The Ngorongoro Crater, at 2,286 m. above sea level, is the largest unbroken caldera in the world. Surrounded by very steep walls rising 610 meters from the crater floor, this natural amphitheater covers an area of about 260 sq. km - that's 100 sq. miles - and is home to up to 25,000 larger mammals, almost half of them zebra and wildebeest.
There are also gazelle, buffalo, eland, hartebeest and wart hog. Such vast numbers attract predators a plenty, mainly lion and hyena but also cheetah and leopard. More than 100 species of birds not found in the Serengeti have been spotted here. Countless flamingos form a pink blanket over the soda lakes.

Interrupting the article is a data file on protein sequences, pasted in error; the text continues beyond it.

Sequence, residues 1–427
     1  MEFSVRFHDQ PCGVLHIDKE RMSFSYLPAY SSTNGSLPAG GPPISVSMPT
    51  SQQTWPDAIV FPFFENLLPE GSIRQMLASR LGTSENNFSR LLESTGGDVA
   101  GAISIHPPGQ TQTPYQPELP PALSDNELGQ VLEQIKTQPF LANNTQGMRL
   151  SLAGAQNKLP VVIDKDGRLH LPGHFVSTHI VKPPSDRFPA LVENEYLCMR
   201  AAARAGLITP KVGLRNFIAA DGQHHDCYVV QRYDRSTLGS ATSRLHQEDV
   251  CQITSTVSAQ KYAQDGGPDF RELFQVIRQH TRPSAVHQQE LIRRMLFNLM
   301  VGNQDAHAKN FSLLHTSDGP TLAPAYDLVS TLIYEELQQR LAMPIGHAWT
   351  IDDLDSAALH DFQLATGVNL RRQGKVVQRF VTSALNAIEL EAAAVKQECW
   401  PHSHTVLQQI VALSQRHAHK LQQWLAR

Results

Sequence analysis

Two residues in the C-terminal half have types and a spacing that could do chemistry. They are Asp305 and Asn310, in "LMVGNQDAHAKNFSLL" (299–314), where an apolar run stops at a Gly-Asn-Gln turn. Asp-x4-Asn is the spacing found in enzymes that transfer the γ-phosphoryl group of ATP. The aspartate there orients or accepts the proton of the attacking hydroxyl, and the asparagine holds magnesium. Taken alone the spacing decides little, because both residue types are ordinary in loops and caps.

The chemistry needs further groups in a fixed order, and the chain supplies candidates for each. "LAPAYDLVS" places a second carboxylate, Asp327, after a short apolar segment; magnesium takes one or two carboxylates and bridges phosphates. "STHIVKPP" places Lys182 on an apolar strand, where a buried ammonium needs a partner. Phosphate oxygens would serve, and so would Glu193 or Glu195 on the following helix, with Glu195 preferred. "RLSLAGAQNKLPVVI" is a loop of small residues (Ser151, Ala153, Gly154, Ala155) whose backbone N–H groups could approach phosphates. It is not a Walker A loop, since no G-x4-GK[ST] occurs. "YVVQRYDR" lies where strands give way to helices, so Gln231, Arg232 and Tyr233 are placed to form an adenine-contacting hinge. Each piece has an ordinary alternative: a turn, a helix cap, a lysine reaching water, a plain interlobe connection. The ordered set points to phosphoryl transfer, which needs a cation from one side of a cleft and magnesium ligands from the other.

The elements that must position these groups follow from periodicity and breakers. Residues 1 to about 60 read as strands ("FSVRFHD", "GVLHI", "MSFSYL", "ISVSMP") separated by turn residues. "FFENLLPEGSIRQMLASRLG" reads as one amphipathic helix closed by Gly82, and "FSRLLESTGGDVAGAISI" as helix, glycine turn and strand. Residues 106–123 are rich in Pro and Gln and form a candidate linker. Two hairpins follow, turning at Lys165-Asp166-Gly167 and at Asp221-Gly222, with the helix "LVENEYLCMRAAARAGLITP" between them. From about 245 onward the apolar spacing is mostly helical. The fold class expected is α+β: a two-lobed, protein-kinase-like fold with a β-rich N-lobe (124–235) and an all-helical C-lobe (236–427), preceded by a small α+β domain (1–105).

The crater has been declared a World Heritage Site. The Ngorongoro Crater lies within the Ngorongoro Conservation Area, which covers more than 8,000 sq. Km. Lake Eysai bound it in the Southwest and the Gol Mountains in the north. Roughly in the center are the Olbalal Swamp and the arid Olduval Gorge.